If you watch this film I would thoroughly recommend you try to get hold of a copy of Powell's magnificent book "Edge of the World, The Making of a film", published by Faber and Faber Ltd in 1990. Originally published as "200,000 feet on Foula", which referred to the amount of film used on the island, it was first published in 1938. I usually find books on the cinema to be tedious, but this one is not. The book is all about Powell's preparation for and the making of "Edge of the World". It is certainly one of the best books ever written about the film industry. It is an epic story in itself and is an insight into the great man. The film was shot on location on the Isle of Foula in the Shetlands, some way north of the Scottish mainland, and almost as difficult to get to as St Kilda itself. Foula is remote even amongst the lonely Shetland group. It has the distinct feel of Ultima Thule, which is from the ancient Greek and refers to the place at the end of the world.Read more ›
First off, the film itself has received excellent treatment by the blu-ray boffins under the watchful eye of Thelma Schoonmaker. It looks very good for the most part. It is easy to appreciate Powell's developing filmic eye, and the film is a fascinating document in that respect. As with many of his later films, there is a clear sense of place throughout. It certainly looks the part, and I had to keep reminding myself that it was made in the late 1930's.
For me, I can see why the cast held the piece in such affection, especially given the pleasures and hardships of on-location shooting, but the story failed to draw me in to the same extent as IKWIG. It feels a less mature piece of work, and the dialogue is not as satisfying as when in the hands of Pressburger. It is still 'well worth the price of admission' though, and some of the scenes (Laurie carrying a struggling sheep up a cliff on his shoulders while hauling on a rope, anyone?!) are breathtaking, and make you question how they were done, and whether Health and Safety would allow them to be done today. Powell's interest in the island community is palpable.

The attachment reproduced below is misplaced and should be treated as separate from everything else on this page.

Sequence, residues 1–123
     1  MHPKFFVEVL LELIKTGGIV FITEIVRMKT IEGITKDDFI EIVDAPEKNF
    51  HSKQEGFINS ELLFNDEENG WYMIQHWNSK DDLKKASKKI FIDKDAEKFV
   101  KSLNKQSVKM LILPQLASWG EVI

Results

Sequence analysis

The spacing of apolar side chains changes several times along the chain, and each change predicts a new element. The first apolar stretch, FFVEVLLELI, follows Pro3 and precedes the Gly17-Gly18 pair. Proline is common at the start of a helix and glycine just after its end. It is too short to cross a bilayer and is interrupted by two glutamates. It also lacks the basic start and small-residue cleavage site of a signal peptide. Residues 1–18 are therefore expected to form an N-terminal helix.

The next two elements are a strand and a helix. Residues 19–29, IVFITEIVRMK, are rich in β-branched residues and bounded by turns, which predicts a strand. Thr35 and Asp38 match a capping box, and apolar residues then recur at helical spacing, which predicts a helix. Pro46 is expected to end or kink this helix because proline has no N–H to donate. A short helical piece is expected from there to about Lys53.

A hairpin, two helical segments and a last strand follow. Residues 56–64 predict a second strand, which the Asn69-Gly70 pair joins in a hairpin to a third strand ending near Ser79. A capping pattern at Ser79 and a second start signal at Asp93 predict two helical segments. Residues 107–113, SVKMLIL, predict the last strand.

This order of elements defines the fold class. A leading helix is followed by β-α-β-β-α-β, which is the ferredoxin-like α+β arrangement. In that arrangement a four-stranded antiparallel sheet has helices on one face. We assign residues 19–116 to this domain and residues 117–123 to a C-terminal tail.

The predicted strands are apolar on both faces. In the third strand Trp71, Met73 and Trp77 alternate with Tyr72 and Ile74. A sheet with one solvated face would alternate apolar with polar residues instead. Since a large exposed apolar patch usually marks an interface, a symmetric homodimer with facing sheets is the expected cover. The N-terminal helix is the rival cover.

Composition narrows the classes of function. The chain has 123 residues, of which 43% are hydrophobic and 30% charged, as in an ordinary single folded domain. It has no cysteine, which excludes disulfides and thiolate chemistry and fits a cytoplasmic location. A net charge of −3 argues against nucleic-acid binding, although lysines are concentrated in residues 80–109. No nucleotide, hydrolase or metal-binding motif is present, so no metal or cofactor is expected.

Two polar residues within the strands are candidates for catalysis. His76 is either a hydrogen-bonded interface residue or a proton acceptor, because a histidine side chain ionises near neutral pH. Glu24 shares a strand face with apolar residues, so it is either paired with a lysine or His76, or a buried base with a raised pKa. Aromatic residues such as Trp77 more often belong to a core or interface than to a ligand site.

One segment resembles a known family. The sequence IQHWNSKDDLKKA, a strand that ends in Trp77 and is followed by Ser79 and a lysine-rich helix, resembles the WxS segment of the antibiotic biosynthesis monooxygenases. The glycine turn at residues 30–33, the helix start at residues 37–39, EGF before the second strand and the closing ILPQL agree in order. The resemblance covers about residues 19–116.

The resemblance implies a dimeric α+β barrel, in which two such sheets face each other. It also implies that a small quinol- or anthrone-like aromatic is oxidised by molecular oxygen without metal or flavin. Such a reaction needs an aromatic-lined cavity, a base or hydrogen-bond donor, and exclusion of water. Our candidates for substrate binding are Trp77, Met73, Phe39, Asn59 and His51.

Overall a film well worth buying for anybody with a keen interest in this British directing great, and one that I will be watching again. While it didn't grab me outright at first viewing, feeling more of a curio, it may well be a 'grower', and it has an important place in film history.Read more ›
Most Recent Customer Reviews
As a Yank, I was unfamiliar with most of the actors in this film, but the premise intrigued me. I must say, I was very impressed. Read morePublished 3 months ago by D. Solomon
excellent video, even if I did have to change my "range" on my computer screen since it is in one whatever and I'm in another. Don't understand this at all. Read morePublished 10 months ago by Mary Crofts
I'm a big fan of Powel\Pressburger films so I really enjoyed this film. Not their best but if you're a fan you will enjoy it. Read morePublished 11 months ago by T. RING
A most enjoyable watch. From my point of view, noticeably good photography, reasonable storyline and good script.Published 13 months ago by Mrs D M McIntosh
Unusual film. It is great to see how people lived in such a place so long ago. A lost way of life. It also is an earlier product of the great Michael Powell.Published 14 months ago by VNHSUMMERS
A classic. A fitting precourser to the keen and uncanny accuracy of observation that was to become the hallmark the Powel and Pressburger films.Published 15 months ago by Peter
A remarkable film for it's time.The depiction of what life was like in the Hebrides in the Thirties,is for me the outstanding tour de force,over and above the storyline. Read morePublished 16 months ago by Hiawatha